The executive and legislative branches have displayed an inability to adequately address the development and proliferation of operational uniforms in the twentieth century. With these initial conditions in place, the judiciary stands as a possible avenue in which such uniform disputes could be resolved.[64]

II. Developments in Intellectual Property Law

A. Statutory Basis

To fully appreciate the extent of the Marine Corps’s intellectual property protection of the MARPAT uniform, it is necessary to discuss the underlying doctrines of trademark, trade dress, and patent law. While it is unlikely that one military branch would file suit against another, it is not impossible that this could occur.[65] Thus, discussion of the current intellectual property landscape is helpful to understand the uniform battlefield as it stands today.

Trademarks are defined by the Lanham Act of 1946.[66] This definition is used by both federal law and state common law.[67] The purpose of a trademark is to set a person or entity’s goods apart from others in the marketplace, even if the seller is unknown.[68] Types of common trademarks include letters, words, images, and colors.[69] A three-element test is used to qualify a word or symbol as a trademark: the court must analyze the symbol itself, the type of use, and the purpose.[70] The trademark has to be “distinctive” in designating and distinguishing the product in question.[71] There are four “tasks” performed by trademarks: to distinguish one seller’s goods, to show a unified source for these goods, to show a specific and uniform level of quality, and perhaps most importantly for our purposes, to advertise the goods in question.[72]

While similar to trademarks, trade dress relates more to product packaging and shape.[73] Before the twentieth century, trademarks were capable of registration and trade dress was not.[74] While the two originally represented distinct doctrines, the distinction is now “largely historical.”[75] Trade dress can qualify as a type of trademark and take advantage of the protection available to trademarks.[76] Trade dress has been used to cover an extremely wide variety of concepts, from the physical shape of items to clothing designs.[77]

As opposed to trademarks and trade dress, patents confer property rights to the inventor of a unique product or design.[78] A patent performs a different function than a trademark, with the patent system existing to incentivize innovation, specifically in new technologies.[79] The key difference between the application of inventive ideas in patent law and trademark law is that both trademark and trade dress exist to prevent “customer confusion and protect the value of identifying symbols” and patents do not.[80]

The legal basis of the Lanham Act has remained stable since its inception. However, intellectual property statutory law has been amended various times since its passage.[81] While the Act itself is transparent about what constitutes a trademark and trademark infringement, the federal courts have expanded the reach of the Act over the past seventy years.[82] The current structure of the Act provides civil remedies to enforce trademarks and criminalizes certain behavior.[83] Certain intellectual property, such as that which exists in the public domain, is excluded from the purview of the Lanham Act.[84]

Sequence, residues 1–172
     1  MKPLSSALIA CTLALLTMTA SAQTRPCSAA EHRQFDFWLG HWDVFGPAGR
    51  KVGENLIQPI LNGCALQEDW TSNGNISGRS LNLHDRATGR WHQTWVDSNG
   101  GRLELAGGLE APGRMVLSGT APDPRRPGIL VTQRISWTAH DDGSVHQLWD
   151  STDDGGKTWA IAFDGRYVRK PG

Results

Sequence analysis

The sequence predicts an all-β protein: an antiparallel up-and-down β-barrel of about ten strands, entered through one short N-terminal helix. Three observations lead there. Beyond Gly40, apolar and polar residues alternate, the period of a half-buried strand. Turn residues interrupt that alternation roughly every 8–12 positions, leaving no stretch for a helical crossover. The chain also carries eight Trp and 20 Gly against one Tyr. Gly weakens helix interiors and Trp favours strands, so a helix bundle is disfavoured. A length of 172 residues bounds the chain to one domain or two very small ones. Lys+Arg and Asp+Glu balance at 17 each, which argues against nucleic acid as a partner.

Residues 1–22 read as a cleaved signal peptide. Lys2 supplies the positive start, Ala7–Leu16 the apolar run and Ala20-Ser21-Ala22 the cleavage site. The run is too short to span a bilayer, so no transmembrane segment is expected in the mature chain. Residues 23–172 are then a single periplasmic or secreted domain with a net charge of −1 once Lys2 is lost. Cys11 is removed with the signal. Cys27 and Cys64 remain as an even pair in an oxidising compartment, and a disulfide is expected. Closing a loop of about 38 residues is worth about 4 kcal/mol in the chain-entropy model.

Now that the framework of the applicable statutes and caselaw governing intellectual property have been analyzed, a discussion of the current status of intellectual property in the federal judiciary is helpful to comprehend, as the federal courts system is the most likely venue for suit should an issue with military intellectual property arise.[85]

B. Current Federal Caselaw

Armed with this basic framework of intellectual property law, analogous cases applying these legal doctrines must be discussed. As neither state nor federal courts have addressed any of the described conflicts between military branches with respect to military uniforms, comparable federal caselaw will be analyzed to glean an understanding for how federal law would be applied were individual military branches to engage in a court battle over uniforms patterns. Although it is unlikely that such an interbranch intellectual property dispute will find its way into the federal judiciary,[86] current caselaw provides insight on the scope and ubiquity of intellectual property disputes in the United States. Were the Army to sue the Marine Corps for intellectual property infringement, for example, the federal courts would likely utilize the following caselaw to adjudicate the matter in dispute.

The U.S. Supreme Court recently addressed uniform trademarks in Star Athletica, L.L.C. v. Varsity Brands, Inc.[87] In his opinion, Justice Thomas assessed whether features incorporated into a copyrighted item can be distinguished from “the utilitarian aspects” of that same item.[88] Using the Supreme Court’s caselaw[89] and interpretation of the Copyright Act,[90] Justice Thomas determined that, because designs on cheerleading uniforms could be reproduced on a two-dimensional canvas and qualify for copyright protection, they are capable of being protected separately from the uniforms themselves.[91] Although this case addressed intellectual property issues involving cheerleading uniforms rather than military uniforms, it provides insight into how the Supreme Court addresses issues involving the functionality of trade-specific clothing.[92] In relation to military uniforms, Star Athletica shows that uniform designs—like a camouflage pattern—can be protected separately from the function of the uniform itself, hence supporting the Marine Corps’s intellectual property protection strategy.[93]